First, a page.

4 122 LISA L. POSEY this literature by incorporating additional characteristics of the insurance claims settlement process into the existing models. That is one of the goals of the current paper. This paper adds the role of the plaintiff s attorney into the settlement process. In the present setting, the plaintiff is referred to as the claimant and the defendant is represented by the insurer. The claimant has the option of either hiring an attorney at a competitively determined fee at the beginning of the settlement process or delaying such action until and unless the case proceeds to trial. An attorney is necessary for the trial phase but the settlement negotiations may be performed by either the claimant or the attorney. The model is analyzed under various assumptions about the type of fee arrangements available to the claimant, first under symmetric information and then under asymmetric information where only the claimant and his or her attorney (if one is hired) know the true expected value of the damages to be awarded at trial. It is assumed that the insurer makes a settlement offer and the claimant must either accept the offer or reject it and proceed to trial. 2 Therefore, under asymmetric information, it is the uninformed party that makes the settlement offer but it is the informed party that moves first in the game by choosing whether or not to hire an attorney. In the typical asymmetric information models of litigation and settlement, either it is assumed that the informed party makes the settlement offer, in which case the settlement offer signals some information to the other party, or else it is assumed that the uninformed party makes the settlement offer. A goal of this paper is to see if something other than a settlement offer, namely the decision to hire an attorney, can be used by a claimant to signal information about expected damages and whether insurers can in fact infer anything about a claimant from his or her decision to hire an attorney. This can be analyzed best with a model in which the claimant makes the first move (deciding whether to hire an attorney) and the insurer makes the settlement offer. Although this paper is unique in endogenizing the decision to hire an attorney, there is a body of literature on plaintiffs attorneys in the litigation process with an emphasis on the role of various fee structures such as contingency fees and hourly fees (see, for example, Clermont and Currivan, 1970; Schwartz and Mitchell, 1978; Danzon, 1983; Miller, 1987; Halpern and Turnbull, 1983; Miceli and Segerson, 1991; Miceli, 1994; Hay, 1997). A few studies have looked at plaintiffs attorneys as providing specific expertise. Watts (1994) assumes that attorneys are able to learn part of the defendant s private information at a lower cost than plaintiffs can and Dana and Spier (1993) consider the case where attorneys can more accurately determine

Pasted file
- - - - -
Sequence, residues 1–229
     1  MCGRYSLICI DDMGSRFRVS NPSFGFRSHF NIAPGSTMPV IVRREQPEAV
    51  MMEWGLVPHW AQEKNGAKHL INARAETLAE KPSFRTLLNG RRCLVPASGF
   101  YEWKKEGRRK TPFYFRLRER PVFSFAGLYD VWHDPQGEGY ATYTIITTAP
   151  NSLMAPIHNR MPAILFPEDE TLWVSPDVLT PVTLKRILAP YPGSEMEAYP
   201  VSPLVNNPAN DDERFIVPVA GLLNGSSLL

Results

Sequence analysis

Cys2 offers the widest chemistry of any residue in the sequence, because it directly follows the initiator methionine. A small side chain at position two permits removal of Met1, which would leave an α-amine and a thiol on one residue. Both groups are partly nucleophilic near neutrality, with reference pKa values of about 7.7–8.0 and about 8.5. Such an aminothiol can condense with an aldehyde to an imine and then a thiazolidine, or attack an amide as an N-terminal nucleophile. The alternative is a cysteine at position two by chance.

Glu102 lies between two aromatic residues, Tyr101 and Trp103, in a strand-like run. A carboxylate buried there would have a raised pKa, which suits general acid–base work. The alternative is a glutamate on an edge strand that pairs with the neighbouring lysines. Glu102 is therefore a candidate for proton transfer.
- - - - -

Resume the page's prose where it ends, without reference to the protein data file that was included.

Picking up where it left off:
5 PLAINTIFF S ATTORNEY IN LIABILITY CLAIMS SETTLEMENT PROCESS 123 the merits of the case than plaintiffs can. In none of these models has the timing of the decision to hire an attorney or the decision itself been endogenized, as is the case in the current model. These previous studies take the decision to hire an attorney and the time the attorney enters the process as given. BASIC MODEL WITH SYMMETRIC DAMAGE INFORMATION Contingency Fee Arrangements Only Assume that an injury has occurred and that the victim has filed a claim with the insurer s liability insurance company. The insurer has routinely performed a preliminary investigation and determined that the policyholder is liable and that the expected value of the damages to be awarded at trial is d. All parties are assumed to observe d in this section. 3 At this point the claimant faces the decision of whether or not to hire an attorney for the settlement process or delay such action until and unless it is necessary to proceed to trial. The claimant s attorney-hiring decision is denoted A; A = 0 indicates that the claimant does not hire an attorney for the settlement phase and A = 1 indicates that the claimant does hire an attorney. It is assumed that an attorney must be hired if a trial ensues and that those who hire an attorney earlier in the process continue with this attorney through trial if settlement is not reached. The market for attorneys is assumed to be competitive. It is first assumed that claimants can afford an attorney only if a contingency fee arrangement is used (i.e., if they had to pay out of their own wealth before they received a judgment, they would not be able to afford an attorney). F S is the cost incurred by an attorney for providing services to a claimant during the settlement phase and F T is the cost incurred by an attorney for providing services to a claimant during a trial. If an attorney is hired before the settlement phase begins and ends up in a trial, the total costs incurred by the attorney will be F S + F T. The market for attorneys is competitive, so that the equilibrium fees are a function of these costs, and the costs are assumed to be known by all. If an attorney is hired, the claimant and attorney agree on a contingency fee rate at the onset of their relationship. In equilibrium, the zero expected profit contingency fee rate, determined at the onset of the relationship, will incorporate the expectation of trial versus settlement as well as the insurer s optimal settlement offer strategy. Once the claimant has entered the settlement phase, the insurer can observe whether an attorney has been hired. The